With the advent of truly high-tech technology, the food industry has stepped up its game to keep up and a pastry chef has taken her desserts up to an uncommon level. This article was first published in the second issue of WIEF In Focus magazine.
The best way to describe 29-year old Dinara Kasko’s desserts is that they are precisely sculpted, uncommon edible forms. The architectural student from Ukraine is a self-employed pastry chef in Kharkiv, Ukraine, who uses her design and technical background for sublime results.
‘At first, all I wanted was to create my own moulds and I didn’t know how to realise my idea. So, I used cardboard and metal shapes,’ Dinara recalls. ‘My ideas appeared to be too complicated and I decided to create models first out of some solid material and very accurate sizes.’ That was when the idea of 3D printing crossed her mind and the rest, as the sublime results prove, is history. Since then she had been creating moulds this way.
‘It might be a coincidence or it might not, but just then, a very famous Spanish magazine asked me to write an article about the connection between architecture and pastry art. And I did. Since then, I’ve kept working in this direction,’ explains Dinara, who’s also a mother of a 3-year old little girl.
While Dinara’s been baking for six years and teaching it for three, she’ll only admit to being a pastry chef for the last two years. It’s because, this is when she feels that she has gained enough experience. She created her first mould around two and a half years ago and have been teaching others make their own for about a year and a half.
Tools of Her Trade
Dinara’s architecturally-influence designed cakes are made possible due to the precision of 3D printing.
She admits to design and technology playing vital roles in her creations. 3D models for the mould are created on the computer using various software such as 3ds Max, Autocad and Grasshopper before anything else can happen.
Then, an Ultimaker 3D printer realises physically what has been on screen. ‘There are times when I do use a milling machine as well as a laser machine,’ she adds. ‘I read a lot of books to learn something new. Recently, I bought a compressor. And of course, I use a lot of different pastry tools.’
One of Dinara’s most impressive creation is an 81-piece algorithmically-modelled cake featuring Barry Callebaut’s ruby chocolate. For this creation, she used the software Grasshopper to create the mould for each piece which was inspired by the geometric paper sculptures of Matthew Shlian. Her structurally remarkable creation was part of the unveiling of the fourth type of chocolate in Shanghai in 2017.
Dinara’s one wish if she can better the technology she uses is, that modelling software to be more clear and simple to use. ‘Everything is in English and it can be an issue at times,’ she says and after some thought adds, ‘I’d like 3D printers to print much faster.
Actually, for my work I’ve all the necessary stuff. I just don’t have any assistants who can help me and I always lack time for my work.’
Uncommon Edible Forms
Despite the significant ease technology offers her, Dinara takes about a month to create a new mould and a new recipe. ‘Of course, the time varies,’ she says when asked about duration from inception to finished product. ‘It usually takes several tries to get the mould I want. It’s almost impossible to create something new in a week. If we are talking about moulds that have already been created and the recipes that have already been developed, then it’s possible to bake numerous cakes in a week.’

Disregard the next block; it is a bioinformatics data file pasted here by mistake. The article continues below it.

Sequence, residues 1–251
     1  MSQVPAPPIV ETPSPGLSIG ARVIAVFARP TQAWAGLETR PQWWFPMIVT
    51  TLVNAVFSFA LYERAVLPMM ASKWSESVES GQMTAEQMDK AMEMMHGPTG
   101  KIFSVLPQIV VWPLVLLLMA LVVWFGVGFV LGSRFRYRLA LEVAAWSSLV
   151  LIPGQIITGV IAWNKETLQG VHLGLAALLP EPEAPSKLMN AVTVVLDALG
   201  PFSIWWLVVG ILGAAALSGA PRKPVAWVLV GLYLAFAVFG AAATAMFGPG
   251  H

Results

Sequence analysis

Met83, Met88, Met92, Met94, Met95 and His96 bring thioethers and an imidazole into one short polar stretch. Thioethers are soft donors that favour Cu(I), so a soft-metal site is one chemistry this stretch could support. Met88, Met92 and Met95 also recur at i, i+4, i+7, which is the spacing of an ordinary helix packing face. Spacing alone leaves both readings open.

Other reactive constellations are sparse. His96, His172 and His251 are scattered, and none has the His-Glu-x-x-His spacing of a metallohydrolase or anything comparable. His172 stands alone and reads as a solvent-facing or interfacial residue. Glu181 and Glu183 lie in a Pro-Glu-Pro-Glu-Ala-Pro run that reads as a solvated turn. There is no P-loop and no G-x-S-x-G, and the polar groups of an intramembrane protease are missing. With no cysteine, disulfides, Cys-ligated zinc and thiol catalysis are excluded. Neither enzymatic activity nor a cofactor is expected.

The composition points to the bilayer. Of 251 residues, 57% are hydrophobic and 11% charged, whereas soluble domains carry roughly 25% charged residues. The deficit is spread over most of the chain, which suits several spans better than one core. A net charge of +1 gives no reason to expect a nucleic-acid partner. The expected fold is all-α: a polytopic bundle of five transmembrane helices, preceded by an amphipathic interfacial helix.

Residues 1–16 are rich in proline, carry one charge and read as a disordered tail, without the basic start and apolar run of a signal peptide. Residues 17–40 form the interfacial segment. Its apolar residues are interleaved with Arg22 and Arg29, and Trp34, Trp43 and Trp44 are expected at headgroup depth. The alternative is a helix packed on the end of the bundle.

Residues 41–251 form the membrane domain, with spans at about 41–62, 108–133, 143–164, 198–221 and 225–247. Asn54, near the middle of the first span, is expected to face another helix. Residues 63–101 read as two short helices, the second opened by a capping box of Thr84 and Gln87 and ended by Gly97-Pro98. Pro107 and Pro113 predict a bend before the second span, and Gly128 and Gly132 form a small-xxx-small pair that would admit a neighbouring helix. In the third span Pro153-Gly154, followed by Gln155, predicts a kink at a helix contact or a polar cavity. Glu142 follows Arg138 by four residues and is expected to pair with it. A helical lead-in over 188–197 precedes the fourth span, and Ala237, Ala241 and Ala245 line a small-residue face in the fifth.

The challenges Dinara faces during the creative process include finding time to create a 3D mould and a recipe, to persevere when the first attempt doesn’t turn out well and, she adds, ‘It’s work that exhausts me at times, both mentally and physically.’ After saying that, Dinara admits to liking all the steps involved. ‘Every single step is interesting in its own way. It’s interesting to work on ideas. It’s interesting to take a look at what we get after printing and at the silicone mould we get. It’s interesting to make experiments with recipes, to taste cakes and so on. All the steps are interesting because these are steps to something new.’
Besides attending one of Dinara’s classes or an event which she happens to be a part of, there’s no other way to experience her cakes or their extraordinary forms. ‘I don’t create made to order cakes because I don’t have time for that. Since I don’t have any assistants, who’d help me? I only create moulds based on my ideas,’ she stresses.
Citing that inspiration is everywhere and in everything, Dinara’s cake- making journey started with simple shapes and equally simple recipes. ‘At first, I used someone else’s recipes before I started bringing something of my own into it,’ Dinara recalls.
‘Then, I started creating my own moulds and my own recipes. As for the evolution of my creations, I try to create cakes of my own style, so people could recognise they’re mine from how they look. I work a lot on recipes, textures and flavours. I try to keep working in this direction and keep creating something new,’ she says with an easy smile.
‘I like all desserts. But good quality ones,’ Dinara confesses before concluding the interview. ‘I like cakes of different flavours and of different textures. I like ice-cream, eclairs, cookies and so on. I often cook traditional cheesecakes as they are low in sugar and are very healthy.’
The point to take home from that is, cheesecakes are considered healthy. Well said, Dinara. We wholeheartedly concur.